Even as Google moves toward releasing its Google Glass wearable computer for a wider audience, the search giant is facing resistance from state legislators and finding it has to lobby to protect your right to potentially distracted driving. At the same time, Glass wearers are catching flack from restaurants and other citizens bristling at the notion that they could be subject to surreptitious recording thanks to Glass' face-mounted camera.
On the legislative end, Reuters has learned that Google is lobbying state representatives in Illinois, Delaware, and Missouri to resist the recent push to outlaw the wearing – not the use: the wearing – of Google Glass headsets while users are behind the wheel. Legislators and outside groups are concerned that the tiny screen on Glass headsets will make wearers more likely to drive while distracted, increasing their chances for accidents and injuries.
Google counters those concerns by saying that Google Glass headsets – which currently sell for $1,500 a pop – aren't yet widely available, making such legislation premature at best. Further, Google argues, there is no way for cops to know whether a wearer is actually using Glass while driving, as the screen is so small.
Anti-Glass legislators counter Google's counter by saying "exactly." They call for not just the use of Google Glass behind the wheel to be outlawed, but the wearing of the devices while driving. Just to be safe, you know.
Google is no stranger to trying to tilt the legislative process, having spent about $14 million lobbying the U.S. Congress and Senate in 2013. As The Verge notes, much of that lobbying dealt with intellectual property rights, data security, privacy, and advertising. Glass is a bit different, though, as it could affect safety in the worst cases and will almost certainly raise privacy concerns if and when the device becomes more widespread.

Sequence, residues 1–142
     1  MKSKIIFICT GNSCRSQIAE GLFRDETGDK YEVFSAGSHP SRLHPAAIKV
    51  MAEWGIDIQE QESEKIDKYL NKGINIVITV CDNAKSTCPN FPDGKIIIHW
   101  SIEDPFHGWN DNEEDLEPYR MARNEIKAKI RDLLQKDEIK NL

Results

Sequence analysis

That potential impact on privacy has already led to friction between Glass wearers and the non-cyborgs around them. SFGate reported on Tuesday on the alleged verbal and physical assault perpetrated against tech writer Sarah Slocum. Slocum was demonstrating her Glass device for a friend at a bar called Molotov's when she was confronted by other bar patrons. The writer later described the assault in a Facebook post.
"OMG," Slocum wrote, taking pains to describe the incident with the appropriate level of gravitas, "so you'll never believe this but... I got verbally and physically assaulted and robbed last night in the city, had things thrown at me because of some [expletive] Google Glass haters."
Slocum says that one man took her Google Glass unit from her face while someone else took her purse and phone. Other witnesses report that a crowd jeered at Slocum, saying to her, "you're being an [rhymes with Glasshole], take those glasses off."
Witnesses note that Molotov's, perhaps, was not the best place to wear the face-mounted device, as the establishment isn't known for having a tech-oriented crowd. Not that Molotov's patrons are punk rock luddites, they say, but Slocum maybe could have made better choices.
"A level of tact might have behooved her," said one thoroughly punk rock witness of Slocum's faux pas.
Yet another Google Glass wearer was asked to leave Grand Coffee in San Francisco due to management's discomfort at the possibility that he might be recording them. Steven Mautone wrote on LivingThruGlass that the establishment allows smartphones, but that the head-mounted camera/computer combination was a step too far. As Mautone's Glass unit is integrated with his prescription eyewear, he said he had no choice but to leave... or enjoy his coffee on the patio.
The righteous struggle of Google Glass pioneers to freely wear their asymmetrical headgear free from tyranny hasn't gone unnoticed. Google itself has already advised the Glass Explorer Community to not be "creepy or rude," when wearing the nascent technology. Among the company's requests is the entreaty that users not be "Glassholes" by recording people that don't want to be recorded or neglecting to deactivate their Google Glass units in places where their use would be inappropriate.